Vail remodel bring the inside out to the banks of Gore Creek
April 22, 2016
VAIL — With remodels, there's not always a case for making sweeping, expensive changes to a home's existing windows — but in the instance of this luxury, single-family residence on the banks of Vail's Gore Creek, the chance to significantly expand transparency and bring the great outdoors inside presented itself in no uncertain terms.
"The roofs leaked and the new owner called us to put things back together; he knew it was a good opportunity to make things better," said Travis Cremonese, project manager for Eagle-Vail-based Shaeffer Hyde Construction, the home's builder for its original owner years earlier. "He'd been considering doing something with windows; the leak and subsequent repairs sort of pushed the issue.
"It was a substantial remodel, for sure," Cremonese adds, explaining the windows scenario was part of a much larger undertaking. "But now it's like a whole new home."
'Things will emerge'
“We need to listen to the client, and we need to listen to the land. What are the two essential elements saying to us?Doug DeChantPrincipal architect, Shepherd Resources, Inc.
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The first thing Cremonese did was help the owner find an architect. They ultimately settled on Doug DeChant, principal architect at Shepherd Resources, Inc., who, with his senior associate, Ryan Wolffe, went to work on a two-year project resulting in a home that better shared its nearby Gore Creek riparian environment, along with spectacular mountain views for which the design of its predecessor did not provide.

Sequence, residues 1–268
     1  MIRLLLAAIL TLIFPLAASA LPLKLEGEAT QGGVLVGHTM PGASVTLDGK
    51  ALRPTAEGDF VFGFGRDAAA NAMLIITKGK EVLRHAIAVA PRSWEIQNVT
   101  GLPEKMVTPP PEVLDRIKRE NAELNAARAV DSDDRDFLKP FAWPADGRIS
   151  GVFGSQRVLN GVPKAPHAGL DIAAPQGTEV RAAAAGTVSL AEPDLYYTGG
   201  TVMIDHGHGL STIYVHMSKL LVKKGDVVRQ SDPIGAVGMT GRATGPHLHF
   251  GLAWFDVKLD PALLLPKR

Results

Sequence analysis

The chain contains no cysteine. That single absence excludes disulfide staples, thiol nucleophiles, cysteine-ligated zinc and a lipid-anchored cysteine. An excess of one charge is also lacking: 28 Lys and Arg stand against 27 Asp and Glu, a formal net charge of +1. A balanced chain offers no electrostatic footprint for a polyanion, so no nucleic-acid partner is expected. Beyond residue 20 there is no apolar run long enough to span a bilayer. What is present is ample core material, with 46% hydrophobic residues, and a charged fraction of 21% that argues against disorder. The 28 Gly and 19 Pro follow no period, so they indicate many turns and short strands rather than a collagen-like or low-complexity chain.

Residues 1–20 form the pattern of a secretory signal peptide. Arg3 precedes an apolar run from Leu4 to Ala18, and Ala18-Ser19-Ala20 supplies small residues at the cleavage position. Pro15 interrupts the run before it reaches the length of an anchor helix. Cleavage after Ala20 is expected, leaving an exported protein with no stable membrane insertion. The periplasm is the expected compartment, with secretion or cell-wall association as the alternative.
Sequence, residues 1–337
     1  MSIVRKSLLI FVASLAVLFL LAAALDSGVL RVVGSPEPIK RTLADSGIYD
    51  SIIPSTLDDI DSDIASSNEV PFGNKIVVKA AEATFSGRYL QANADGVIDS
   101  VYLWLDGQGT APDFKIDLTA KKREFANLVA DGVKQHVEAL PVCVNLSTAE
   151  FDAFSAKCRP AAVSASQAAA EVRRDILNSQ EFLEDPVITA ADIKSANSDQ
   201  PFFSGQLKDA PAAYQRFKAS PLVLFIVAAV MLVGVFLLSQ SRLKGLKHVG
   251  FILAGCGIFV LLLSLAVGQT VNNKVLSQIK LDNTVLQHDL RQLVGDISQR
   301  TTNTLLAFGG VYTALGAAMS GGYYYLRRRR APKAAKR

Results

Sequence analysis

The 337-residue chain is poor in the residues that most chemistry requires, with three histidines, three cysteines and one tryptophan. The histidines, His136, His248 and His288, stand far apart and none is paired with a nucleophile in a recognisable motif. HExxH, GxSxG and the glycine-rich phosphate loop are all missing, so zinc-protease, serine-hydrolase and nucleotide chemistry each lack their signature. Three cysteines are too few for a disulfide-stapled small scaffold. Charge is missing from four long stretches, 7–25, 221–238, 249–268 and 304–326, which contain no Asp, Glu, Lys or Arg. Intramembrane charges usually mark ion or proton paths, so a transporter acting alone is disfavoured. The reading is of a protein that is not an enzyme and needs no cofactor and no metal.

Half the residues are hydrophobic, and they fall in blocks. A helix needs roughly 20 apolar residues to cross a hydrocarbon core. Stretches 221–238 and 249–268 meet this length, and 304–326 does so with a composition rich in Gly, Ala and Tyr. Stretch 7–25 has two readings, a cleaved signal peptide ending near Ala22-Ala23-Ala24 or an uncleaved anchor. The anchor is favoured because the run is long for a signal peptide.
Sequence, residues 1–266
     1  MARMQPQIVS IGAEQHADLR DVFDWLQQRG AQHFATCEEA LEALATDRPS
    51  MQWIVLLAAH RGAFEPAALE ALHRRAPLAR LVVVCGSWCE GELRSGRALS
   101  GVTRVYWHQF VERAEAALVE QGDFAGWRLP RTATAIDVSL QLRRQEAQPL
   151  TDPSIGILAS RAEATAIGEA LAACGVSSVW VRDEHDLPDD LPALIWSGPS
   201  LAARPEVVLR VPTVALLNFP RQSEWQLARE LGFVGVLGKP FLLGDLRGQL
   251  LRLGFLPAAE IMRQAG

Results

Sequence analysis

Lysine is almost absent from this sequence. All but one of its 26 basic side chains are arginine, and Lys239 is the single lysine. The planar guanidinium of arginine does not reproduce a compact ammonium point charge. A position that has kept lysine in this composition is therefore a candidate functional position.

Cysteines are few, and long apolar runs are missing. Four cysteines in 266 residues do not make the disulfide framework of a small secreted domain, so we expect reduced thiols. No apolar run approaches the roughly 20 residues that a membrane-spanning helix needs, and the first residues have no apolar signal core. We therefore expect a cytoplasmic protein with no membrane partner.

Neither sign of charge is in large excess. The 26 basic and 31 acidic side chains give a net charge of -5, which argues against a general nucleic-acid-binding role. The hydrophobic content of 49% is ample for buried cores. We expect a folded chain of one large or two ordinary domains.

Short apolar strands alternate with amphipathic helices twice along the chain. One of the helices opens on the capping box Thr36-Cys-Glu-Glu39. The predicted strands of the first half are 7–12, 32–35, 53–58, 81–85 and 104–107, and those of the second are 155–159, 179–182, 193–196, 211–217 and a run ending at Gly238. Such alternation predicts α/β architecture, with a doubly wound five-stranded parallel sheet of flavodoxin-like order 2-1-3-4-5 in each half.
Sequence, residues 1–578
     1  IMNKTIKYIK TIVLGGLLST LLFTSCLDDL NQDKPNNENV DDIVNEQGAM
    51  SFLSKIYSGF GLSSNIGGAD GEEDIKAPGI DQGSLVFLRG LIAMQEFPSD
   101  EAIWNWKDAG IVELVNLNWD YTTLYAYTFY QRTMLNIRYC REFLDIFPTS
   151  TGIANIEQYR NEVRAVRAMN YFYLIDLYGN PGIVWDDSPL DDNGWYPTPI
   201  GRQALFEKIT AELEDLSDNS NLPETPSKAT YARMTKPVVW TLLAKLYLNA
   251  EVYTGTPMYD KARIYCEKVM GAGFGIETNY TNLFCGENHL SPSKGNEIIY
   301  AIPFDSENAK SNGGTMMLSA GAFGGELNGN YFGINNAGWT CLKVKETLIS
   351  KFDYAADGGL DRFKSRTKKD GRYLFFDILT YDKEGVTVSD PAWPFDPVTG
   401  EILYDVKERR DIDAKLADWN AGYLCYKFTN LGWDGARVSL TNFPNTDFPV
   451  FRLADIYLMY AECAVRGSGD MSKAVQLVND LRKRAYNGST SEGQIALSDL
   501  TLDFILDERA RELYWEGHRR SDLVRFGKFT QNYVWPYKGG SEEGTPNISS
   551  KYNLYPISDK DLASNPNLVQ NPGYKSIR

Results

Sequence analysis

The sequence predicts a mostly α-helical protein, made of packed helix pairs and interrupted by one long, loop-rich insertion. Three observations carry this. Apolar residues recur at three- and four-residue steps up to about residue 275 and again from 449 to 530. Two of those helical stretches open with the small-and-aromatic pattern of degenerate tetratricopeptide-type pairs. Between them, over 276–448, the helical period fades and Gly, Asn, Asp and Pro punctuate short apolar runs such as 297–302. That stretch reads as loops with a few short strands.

"When you open your ears, and you open your eyes, these things will just emerge. We need to listen to the client, and we need to listen to the land. What are the two essential elements saying to us?," DeChant said, adding that his first thought upon visiting the existing home was disappointment to the point that he felt something needed to be rescued. "Its relationship with the creek was almost nonexistent, especially, from the primary living areas; and the southern the sunshine we relish here in this climate couldn't even penetrate into these primary spaces.
"There's a ridgeline view across the valley that flows right past the home, and you wouldn't even know it was there when you walked in because the windows were so poorly arranged," DeChant adds. "The glory of this property is Gore Creek, and you had no sense it was even there."
Wolffe said everyone involved realized the property itself was "truly amazing" — but they pondered, too, just "how amazing it could be with a different house on it."
Instead of bulldozing the site and starting over, he said, they decided to leave the existing foundation and some of the framing in place, replace the heavily-gabled roof with one of more modern design and build new exterior walls that would lend themselves to a much larger array of glass than the original architects had envisioned.
'A wall of glass'
"The original house was just gable after gable after gable; we were looking at ways to open up the views. One of the ways we could do that was to do away with the problem, which was the gables themselves," Wolffe said. "(Below), we basically created a wall of glass that essentially was doors, and when they open up, there is no structure visible. All the windows along the north wall actually are doors — to bring in the outside noises and warmth from the summer."